Pierce Property – 18 Acres of Open Fields Preserved in Concord!

August, 2016 – Five Rivers Conservation Trust and the Concord Conservation Commission recently completed a six year joint effort to conserve the agricultural fields at Stickney Hill with the signing of a conservation easement protecting the 18 acres of fields at the Pierce farm.

The Pierce property is a key part of the “Stickney Hill Agricultural Neighborhood”, as defined by a 2008 report by New Hampshire Division of Historical Resources for the Concord Heritage Commission. The report states the neighborhood retains “an exceptionally high degree of integrity of location, design, materials, setting, workmanship, feeling, and association.”

It is very unusual to have such an intact historical agricultural area, especially one within the city limits of a major city. The neighborhood has been a conservation priority, in part because it provides a unique window into the City’s agrarian roots.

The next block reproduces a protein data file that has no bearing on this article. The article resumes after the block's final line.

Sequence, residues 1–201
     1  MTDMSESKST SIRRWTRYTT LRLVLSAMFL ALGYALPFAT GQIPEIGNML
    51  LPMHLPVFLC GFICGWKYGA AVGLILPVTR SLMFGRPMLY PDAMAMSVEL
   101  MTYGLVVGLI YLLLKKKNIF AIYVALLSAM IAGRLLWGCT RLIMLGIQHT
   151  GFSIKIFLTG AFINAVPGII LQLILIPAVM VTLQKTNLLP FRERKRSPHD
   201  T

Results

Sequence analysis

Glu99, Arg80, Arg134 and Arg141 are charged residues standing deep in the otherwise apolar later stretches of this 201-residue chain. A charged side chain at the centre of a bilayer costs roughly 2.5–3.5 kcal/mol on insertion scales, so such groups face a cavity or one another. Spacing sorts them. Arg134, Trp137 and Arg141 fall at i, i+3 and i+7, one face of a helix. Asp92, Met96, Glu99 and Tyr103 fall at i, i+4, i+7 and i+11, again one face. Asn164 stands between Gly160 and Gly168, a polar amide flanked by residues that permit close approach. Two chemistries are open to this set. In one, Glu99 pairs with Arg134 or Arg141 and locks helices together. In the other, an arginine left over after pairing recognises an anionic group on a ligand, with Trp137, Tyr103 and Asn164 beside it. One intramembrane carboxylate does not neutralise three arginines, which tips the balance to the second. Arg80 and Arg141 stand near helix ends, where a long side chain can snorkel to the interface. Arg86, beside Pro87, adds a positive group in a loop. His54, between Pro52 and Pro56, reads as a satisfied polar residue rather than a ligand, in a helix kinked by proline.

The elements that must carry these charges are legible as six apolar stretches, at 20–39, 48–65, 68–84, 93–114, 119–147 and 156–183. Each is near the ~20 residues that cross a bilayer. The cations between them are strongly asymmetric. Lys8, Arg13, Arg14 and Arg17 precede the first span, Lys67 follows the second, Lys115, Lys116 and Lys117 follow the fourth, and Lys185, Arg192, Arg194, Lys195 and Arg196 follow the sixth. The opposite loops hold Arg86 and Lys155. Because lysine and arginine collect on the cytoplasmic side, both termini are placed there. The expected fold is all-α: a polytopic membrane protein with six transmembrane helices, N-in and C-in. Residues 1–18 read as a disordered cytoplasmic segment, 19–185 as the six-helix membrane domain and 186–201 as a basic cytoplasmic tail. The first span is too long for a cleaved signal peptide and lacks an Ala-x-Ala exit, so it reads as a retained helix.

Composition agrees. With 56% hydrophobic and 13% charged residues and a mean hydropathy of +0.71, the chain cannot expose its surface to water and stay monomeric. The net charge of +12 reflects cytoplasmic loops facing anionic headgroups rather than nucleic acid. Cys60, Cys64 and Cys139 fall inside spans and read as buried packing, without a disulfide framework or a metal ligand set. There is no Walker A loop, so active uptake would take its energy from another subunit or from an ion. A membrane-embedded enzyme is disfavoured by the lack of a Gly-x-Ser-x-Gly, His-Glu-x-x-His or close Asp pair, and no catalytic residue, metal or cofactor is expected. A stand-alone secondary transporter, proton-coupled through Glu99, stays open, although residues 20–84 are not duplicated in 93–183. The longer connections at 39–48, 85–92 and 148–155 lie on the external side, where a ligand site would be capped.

The Pierce farm is one of three farms with open fields that define the Stickney Hill Agricultural Neighborhood.

In 2012 Five Rivers Conservation Trust and the City of Concord purchased a conservation easement on Maplewood Farm, which lies immediately east of the Pierce farm. In 2013 Hope Butterworth donated a conservation easement on her farm, to the west of the Pierce farm.

The Pierce farm is very visible in the center of the agricultural fields and was the last, critical piece to be protected.

Stickney Hill Road is located in an isolated part of Concord, cut off from the rest of the city by Turkey Pond and Route 89. Access is by Exit 4 off Route 89 and also by the bike path and bike bridge beside Route 89. The area is heavily used by cyclists, walkers, and runners due to the open, scenic landscape and rural, 19th century feel of the neighborhood. The Pierce field is highly visible from Stickney Hill Road.

Funding for the purchase of the Pierce easement came from the Concord Conservation Commission, the Natural Resources Conservation Service of the U.S. Agriculture Department, the Land and Community Heritage Investment Program (LCHIP), and the Russell Farm and Forest Conservation Foundation.